Spaghetti Memoirs

Life Is All About Balance

Spaghetti Memoirs is a blog about my efforts to balance good/healthy foods, great drinks, work and exercise. All the recipes are gluten free and all the cocktails are amazing. 

Do You Judge People For What They Eat?

Very recently I was on a social media site, procrastinating by scrolling through the comments/photos, and came across an interesting post. A vegan on my feed stated that they (1) harshly judge all people who are not vegan, (2) have no respect for them and  (3) judge other vegans/vegetarian who do NOT judge meat/animal product eaters. They simply couldn't see the argument for how you could eat one way and not judge those that did not eat the same....so I gave my opinion. 

 My reason “I can’t help what you think." I expect them not to judge me for my decisions so I don’t judge them for theirs. It’s like religion. I respect those that have faith and don't condemn others who aren't religious. :) Hope this helps

Well it didn't. Soon the rest of their social media friends jumped in and I was suddenly being equated to supporting -and I quote- rapists and murders. 

I was judged for not judging.....does this seem historically similar to anything else???

At a younger age this would have sent me into a tizzy asking questions like:

Is the bleach you use in your hair vegan? What about the bright blue eye shadow I see? Body wash? Conditioner? Clothes? Do you have any jewelry that you don't know where it came from/what had to be hurt to get it? Do you require your dog or cat to be vegan? If the answer to ANY of these is NO then YOU SUPPORT RAPISTS AND MURDERERS TOO!

But, I have grown/matured and learned not to -as a friend says- 'feed the trolls' but it did get me wondering. 

Who judges and why?

As someone with dietary needs (I am gluten free, and cook a vegan...if not vegetarian...diet while i'm home) I do find myself judged when I go out and try to maintain the same standards. It's hard to ignore the look on a waiter/waitresses face when you say "do you have a gf menu" or "what on your menu is vegan?" As a matter of fact, this judgement influences my eating experience so much that tolerance/acceptance/knowledge at a restaurant has gotten me to look past mediocre food and have a truly great overall experience. While I expect this judgement from the wait staff (not that I think it's ok), have I missed being judged by my eating companions? Do they roll their eyes when I ask for a GF menu, or spend minutes of questions to the waiter/waitress trying to find out what I can eat? Do they dread going out with me knowing I will suggest a place with vegan/gf options - or as some say 'hippie/rabbit food? Do they dread eating at my house for fear of what gf/vegan food I will serve? Basically,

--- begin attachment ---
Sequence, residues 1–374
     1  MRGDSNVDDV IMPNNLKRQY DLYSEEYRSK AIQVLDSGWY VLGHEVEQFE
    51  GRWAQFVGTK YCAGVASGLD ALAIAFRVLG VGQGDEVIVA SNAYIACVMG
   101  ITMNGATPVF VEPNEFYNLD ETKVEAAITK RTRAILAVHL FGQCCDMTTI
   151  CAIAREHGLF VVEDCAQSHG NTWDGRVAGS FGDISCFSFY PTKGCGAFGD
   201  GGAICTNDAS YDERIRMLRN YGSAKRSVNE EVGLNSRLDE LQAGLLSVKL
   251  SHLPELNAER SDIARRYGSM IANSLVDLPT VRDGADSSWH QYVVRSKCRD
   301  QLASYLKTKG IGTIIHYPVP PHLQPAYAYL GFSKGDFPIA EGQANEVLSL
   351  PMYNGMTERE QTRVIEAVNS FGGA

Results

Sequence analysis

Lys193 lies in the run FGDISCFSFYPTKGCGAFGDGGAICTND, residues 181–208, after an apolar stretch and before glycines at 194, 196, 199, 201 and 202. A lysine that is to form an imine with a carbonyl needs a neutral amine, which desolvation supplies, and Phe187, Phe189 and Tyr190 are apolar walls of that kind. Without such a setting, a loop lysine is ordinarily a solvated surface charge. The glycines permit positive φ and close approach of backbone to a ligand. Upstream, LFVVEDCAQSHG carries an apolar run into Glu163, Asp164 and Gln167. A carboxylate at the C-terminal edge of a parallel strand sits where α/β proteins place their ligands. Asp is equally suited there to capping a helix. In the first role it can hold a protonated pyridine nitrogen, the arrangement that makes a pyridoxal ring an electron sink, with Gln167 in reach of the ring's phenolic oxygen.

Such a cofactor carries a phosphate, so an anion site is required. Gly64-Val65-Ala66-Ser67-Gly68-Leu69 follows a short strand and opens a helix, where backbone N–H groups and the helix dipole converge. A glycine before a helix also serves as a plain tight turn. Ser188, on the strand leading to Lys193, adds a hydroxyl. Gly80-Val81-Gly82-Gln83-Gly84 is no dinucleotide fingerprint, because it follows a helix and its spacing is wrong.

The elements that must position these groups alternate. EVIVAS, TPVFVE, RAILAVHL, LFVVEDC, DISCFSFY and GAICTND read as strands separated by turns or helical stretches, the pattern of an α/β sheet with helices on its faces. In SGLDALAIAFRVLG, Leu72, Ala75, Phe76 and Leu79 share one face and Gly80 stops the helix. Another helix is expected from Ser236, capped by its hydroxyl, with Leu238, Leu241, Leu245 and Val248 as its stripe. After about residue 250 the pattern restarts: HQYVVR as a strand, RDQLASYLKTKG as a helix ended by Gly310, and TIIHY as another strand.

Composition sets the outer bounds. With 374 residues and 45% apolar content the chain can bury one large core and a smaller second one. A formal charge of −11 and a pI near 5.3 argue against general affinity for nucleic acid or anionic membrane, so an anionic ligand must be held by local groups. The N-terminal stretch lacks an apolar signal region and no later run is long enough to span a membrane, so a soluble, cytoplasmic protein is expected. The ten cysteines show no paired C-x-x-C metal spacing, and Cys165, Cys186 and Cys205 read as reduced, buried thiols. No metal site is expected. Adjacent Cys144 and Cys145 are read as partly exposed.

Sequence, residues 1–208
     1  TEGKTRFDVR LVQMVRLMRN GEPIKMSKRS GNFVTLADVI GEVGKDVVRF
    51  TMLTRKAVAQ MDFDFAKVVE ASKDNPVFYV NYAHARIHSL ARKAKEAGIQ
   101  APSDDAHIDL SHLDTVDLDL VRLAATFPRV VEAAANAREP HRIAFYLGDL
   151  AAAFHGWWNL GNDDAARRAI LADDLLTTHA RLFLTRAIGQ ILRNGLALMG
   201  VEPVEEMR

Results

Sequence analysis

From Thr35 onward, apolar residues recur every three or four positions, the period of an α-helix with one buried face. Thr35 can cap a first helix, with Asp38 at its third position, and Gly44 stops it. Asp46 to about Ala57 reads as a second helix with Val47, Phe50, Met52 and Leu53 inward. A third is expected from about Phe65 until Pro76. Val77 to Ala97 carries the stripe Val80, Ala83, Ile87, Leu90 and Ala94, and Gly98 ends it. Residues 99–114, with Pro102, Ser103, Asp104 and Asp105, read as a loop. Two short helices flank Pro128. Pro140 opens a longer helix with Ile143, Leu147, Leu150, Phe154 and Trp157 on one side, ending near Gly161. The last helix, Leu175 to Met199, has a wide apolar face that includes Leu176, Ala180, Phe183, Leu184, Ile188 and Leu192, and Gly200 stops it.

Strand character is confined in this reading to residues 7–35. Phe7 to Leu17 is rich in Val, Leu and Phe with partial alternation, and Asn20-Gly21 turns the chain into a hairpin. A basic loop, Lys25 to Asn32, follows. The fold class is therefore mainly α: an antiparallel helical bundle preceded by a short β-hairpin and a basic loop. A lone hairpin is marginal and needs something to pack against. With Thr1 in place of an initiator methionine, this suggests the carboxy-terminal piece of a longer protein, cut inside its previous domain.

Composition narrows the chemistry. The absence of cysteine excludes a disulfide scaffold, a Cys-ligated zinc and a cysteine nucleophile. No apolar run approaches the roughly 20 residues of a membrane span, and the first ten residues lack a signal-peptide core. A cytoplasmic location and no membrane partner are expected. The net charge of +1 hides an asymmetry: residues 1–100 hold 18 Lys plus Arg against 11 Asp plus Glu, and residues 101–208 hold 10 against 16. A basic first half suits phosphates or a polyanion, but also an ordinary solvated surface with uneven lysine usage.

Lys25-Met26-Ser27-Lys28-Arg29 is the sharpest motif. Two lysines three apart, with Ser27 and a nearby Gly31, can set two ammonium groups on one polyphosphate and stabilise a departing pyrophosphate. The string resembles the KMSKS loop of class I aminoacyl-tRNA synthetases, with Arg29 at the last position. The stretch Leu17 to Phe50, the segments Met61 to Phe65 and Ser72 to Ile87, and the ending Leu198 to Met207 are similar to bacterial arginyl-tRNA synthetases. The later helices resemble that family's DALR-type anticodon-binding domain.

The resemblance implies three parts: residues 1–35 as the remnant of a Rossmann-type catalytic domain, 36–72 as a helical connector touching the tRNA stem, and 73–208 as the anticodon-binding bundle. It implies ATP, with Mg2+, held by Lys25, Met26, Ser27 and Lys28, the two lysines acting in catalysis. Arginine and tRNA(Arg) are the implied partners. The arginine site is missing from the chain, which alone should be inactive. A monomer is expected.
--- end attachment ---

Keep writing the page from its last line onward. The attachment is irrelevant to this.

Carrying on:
Do people judge me for what I eat? 

Rather than drive myself crazy, I decided to ask the internet:

To all my vegan/vegatarian/pescetarian/<insert dietary needs here> friends:
Do you judge people who do not eat the way you do?

Here is what I got.  

Yes

The number of people that admitted to judging others was actually quite small. I'll be the first to admit that it might be a sample bias on my part but the message is still the same (a.k.a., I only asked people I talk to or people who follow me). Regardless, judgement still was reported- by meat eaters AND veggie eaters- but it was mainly judgement they had experienced rather then them judging others.  

Veggie-Eaters Judging Meat-Eaters

One group of people confided that they actually had lost vegan friends because the vegans loudly and continually proclaimed that their vegan children were superior in all ways to other non-vegan children. That's a way to keep cohesion at the park and teach tolerance to the next generation eh? :p